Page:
Oxford capital eis fund
    • About Us

      Learn more about us


      See our current oppurtunities


      Meet our team

      EIS investment faqs


      See our frequently asked questions


      See our latest news articles

      Contact Us

      Get in touch with us

The UK is the home of VC in Europe

David Mott

For 25 years, we have been backing founders in the UK. We are proud of this record. Over 100 companies grown, thousands of jobs created, £millions of exports generated and £billions of value created for shareholders.  

We are often asked about our geographic investment focus. The answer is that we focus on UK start-ups. For many institutional investors, this can come across as narrow and they prefer to invest in funds with a pan-European focus. This is entirely sensible, especially when you are deploying large sums of capital into bigger and later stage funds. But our focus is on backing early stage companies and helping them grow over time with capital and support. This is a more local and specialist investment strategy. Innovation is everywhere, and the UK has not monopoly of virtues. But it is a pretty good place to start. 

Looking at the latest data from Dealroom, Beauhurst, BVCA and UK government sources, we shine a light on the UK’s role in the European VC sector: 

  1. UK funds dominate VC capital raised in Europe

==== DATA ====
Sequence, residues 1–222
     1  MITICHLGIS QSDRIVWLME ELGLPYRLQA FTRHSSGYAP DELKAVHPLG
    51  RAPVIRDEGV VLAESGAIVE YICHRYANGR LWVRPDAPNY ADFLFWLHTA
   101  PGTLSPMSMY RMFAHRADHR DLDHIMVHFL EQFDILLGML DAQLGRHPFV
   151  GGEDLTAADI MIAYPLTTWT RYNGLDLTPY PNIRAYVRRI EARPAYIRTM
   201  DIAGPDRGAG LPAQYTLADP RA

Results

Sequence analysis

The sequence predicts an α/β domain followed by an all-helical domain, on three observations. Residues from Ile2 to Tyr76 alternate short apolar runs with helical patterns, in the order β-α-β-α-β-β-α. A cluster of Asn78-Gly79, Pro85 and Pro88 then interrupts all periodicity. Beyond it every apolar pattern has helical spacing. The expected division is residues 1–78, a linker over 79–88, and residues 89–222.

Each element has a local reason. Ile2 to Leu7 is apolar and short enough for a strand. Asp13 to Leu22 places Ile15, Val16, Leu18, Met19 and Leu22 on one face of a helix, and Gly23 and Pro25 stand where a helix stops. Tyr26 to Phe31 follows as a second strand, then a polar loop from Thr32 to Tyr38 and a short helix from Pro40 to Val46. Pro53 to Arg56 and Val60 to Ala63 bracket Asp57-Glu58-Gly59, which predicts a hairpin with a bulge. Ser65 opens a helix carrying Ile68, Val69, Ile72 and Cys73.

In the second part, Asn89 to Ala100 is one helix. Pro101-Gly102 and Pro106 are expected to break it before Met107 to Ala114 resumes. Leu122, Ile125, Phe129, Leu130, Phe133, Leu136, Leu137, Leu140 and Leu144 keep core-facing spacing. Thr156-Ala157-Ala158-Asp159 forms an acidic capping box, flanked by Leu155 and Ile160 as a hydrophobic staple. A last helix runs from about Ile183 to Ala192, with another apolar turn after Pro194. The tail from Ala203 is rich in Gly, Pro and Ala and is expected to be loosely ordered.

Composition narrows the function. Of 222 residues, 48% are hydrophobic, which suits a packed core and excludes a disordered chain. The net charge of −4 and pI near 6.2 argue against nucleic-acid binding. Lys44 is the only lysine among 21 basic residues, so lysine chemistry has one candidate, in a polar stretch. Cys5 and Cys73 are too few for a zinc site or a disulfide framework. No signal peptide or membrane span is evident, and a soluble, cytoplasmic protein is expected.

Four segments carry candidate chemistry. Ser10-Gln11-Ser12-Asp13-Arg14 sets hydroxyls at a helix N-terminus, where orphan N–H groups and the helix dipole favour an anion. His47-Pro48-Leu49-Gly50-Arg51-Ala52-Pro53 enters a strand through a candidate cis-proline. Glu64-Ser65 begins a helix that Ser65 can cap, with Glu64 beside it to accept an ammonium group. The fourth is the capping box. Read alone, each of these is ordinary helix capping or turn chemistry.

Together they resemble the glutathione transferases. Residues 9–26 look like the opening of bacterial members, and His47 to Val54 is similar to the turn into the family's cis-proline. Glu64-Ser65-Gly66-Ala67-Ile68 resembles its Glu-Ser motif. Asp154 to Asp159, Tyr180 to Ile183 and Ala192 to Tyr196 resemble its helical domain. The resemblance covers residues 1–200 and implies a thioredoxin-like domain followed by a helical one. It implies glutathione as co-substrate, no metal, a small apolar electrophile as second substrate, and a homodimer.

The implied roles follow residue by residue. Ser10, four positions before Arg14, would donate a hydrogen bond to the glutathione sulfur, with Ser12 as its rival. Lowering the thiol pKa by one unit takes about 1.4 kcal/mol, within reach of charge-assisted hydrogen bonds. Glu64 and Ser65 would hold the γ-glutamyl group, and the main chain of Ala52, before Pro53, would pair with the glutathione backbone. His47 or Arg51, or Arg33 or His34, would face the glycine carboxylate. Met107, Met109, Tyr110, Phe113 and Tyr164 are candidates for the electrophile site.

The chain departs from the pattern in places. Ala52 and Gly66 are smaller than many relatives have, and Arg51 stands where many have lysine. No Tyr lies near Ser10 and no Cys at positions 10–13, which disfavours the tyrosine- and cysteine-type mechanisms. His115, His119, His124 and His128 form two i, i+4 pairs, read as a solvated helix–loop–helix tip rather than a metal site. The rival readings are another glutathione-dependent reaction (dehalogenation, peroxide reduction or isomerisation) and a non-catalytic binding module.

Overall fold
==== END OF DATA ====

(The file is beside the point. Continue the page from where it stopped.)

Over the past 5 years, UK VC funds raised $42 billion, over 40% of the $104bn raised in the whole of Europe. 


  1. VC investment in the UK is greater than France and Germany combined 

    $21.3m was invested in the UK in 2023, more than any country in Europe and far ahead of Germany at $9.2bn or France at $8.2bn and the whole of Scandinavia which accounted for $8bn. The UK has dominated the stats for decades but other countries are slowly closing the gap, especially France. 


  1. There are 547 active funds VC and PE in the UK 

    It is estimated that there were 817 VC funds across Europe in 2021. The legal and regulatory systems in the UK continue to attract VC fund managers to set up their funds in the UK, ahead of other jurisdictions such as Luxembourg or Ireland. The sector has a depth of talent and experience that is unrivalled in Europe.  


  1. US funds are opening offices in the UK 

    The UK has also become a base for international capital investing across Europe. Many of the top Silicon Valley funds have set up a base in London, including: Sequoia, a16z, Bessemer and Lightspeed. 


  1. The UK VC market is resilient 

    Total VC investment has dropped since 2021 when markets peaked. But 2023 investment in the UK was $21.3bn and this remains ahead of pre-covid levels and more than double the size of the market in 2017. Further, $25bn has been raised by funds in the past 3 years, meaning that while it is still tough for companies to raise capital, there is a mass of dry powder capital to back the most promising start ups. 


  1. UK is the #3 tech ecosystem in the world